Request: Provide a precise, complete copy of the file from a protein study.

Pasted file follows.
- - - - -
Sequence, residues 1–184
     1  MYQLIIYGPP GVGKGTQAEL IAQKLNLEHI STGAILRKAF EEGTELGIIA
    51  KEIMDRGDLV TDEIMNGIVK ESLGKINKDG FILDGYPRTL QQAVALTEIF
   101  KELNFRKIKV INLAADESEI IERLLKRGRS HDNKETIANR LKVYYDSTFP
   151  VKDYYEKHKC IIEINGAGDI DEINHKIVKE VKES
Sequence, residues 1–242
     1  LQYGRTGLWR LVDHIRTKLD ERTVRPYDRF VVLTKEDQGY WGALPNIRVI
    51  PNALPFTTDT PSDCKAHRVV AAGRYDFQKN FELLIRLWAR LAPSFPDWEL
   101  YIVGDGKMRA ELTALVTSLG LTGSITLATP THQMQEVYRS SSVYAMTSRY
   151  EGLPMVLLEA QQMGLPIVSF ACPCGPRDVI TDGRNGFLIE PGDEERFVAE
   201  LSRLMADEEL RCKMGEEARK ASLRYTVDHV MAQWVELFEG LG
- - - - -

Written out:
Sequence, residues 1–184
     1  MYQLIIYGPP GVGKGTQAEL IAQKLNLEHI STGAILRKAF EEGTELGIIA
    51  KEIMDRGDLV TDEIMNGIVK ESLGKINKDG FILDGYPRTL QQAVALTEIF
   101  KELNFRKIKV INLAADESEI IERLLKRGRS HDNKETIANR LKVYYDSTFP
   151  VKDYYEKHKC IIEINGAGDI DEINHKIVKE VKES
Sequence, residues 1–242
     1  LQYGRTGLWR LVDHIRTKLD ERTVRPYDRF VVLTKEDQGY WGALPNIRVI
    51  PNALPFTTDT PSDCKAHRVV AAGRYDFQKN FELLIRLWAR LAPSFPDWEL
   101  YIVGDGKMRA ELTALVTSLG LTGSITLATP THQMQEVYRS SSVYAMTSRY
   151  EGLPMVLLEA QQMGLPIVSF ACPCGPRDVI TDGRNGFLIE PGDEERFVAE
   201  LSRLMADEEL RCKMGEEARK ASLRYTVDHV MAQWVELFEG LG